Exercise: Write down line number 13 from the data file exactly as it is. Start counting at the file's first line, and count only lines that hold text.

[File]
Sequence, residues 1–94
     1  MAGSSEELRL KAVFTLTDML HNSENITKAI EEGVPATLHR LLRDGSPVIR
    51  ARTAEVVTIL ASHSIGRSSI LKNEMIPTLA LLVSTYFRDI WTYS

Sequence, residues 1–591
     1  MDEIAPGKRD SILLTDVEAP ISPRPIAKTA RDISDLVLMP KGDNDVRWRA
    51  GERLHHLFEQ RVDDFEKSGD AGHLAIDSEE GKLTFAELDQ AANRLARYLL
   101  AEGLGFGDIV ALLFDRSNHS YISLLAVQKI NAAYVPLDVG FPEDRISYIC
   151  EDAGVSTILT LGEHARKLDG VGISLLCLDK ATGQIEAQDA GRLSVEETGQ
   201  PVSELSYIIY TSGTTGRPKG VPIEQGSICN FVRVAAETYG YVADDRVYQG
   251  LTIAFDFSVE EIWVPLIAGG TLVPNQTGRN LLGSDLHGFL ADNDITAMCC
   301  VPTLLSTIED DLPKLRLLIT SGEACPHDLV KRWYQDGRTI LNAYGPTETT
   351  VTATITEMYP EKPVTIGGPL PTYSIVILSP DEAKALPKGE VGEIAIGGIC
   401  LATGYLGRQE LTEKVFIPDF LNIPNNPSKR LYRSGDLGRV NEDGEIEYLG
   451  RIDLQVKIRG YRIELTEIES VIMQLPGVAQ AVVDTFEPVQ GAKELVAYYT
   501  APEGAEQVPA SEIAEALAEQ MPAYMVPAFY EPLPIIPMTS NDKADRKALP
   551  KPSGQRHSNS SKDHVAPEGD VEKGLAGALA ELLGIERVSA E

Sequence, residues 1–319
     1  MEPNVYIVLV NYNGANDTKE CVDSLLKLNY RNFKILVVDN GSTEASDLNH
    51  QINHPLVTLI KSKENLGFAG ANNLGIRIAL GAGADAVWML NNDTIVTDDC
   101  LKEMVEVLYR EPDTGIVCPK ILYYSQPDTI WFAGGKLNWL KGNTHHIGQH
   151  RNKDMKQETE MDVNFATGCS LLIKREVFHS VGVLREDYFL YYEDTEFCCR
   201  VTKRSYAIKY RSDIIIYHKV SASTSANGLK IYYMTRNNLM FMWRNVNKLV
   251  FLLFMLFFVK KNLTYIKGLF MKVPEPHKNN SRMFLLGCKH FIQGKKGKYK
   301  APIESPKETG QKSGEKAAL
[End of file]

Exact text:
   401  LATGYLGRQE LTEKVFIPDF LNIPNNPSKR LYRSGDLGRV NEDGEIEYLG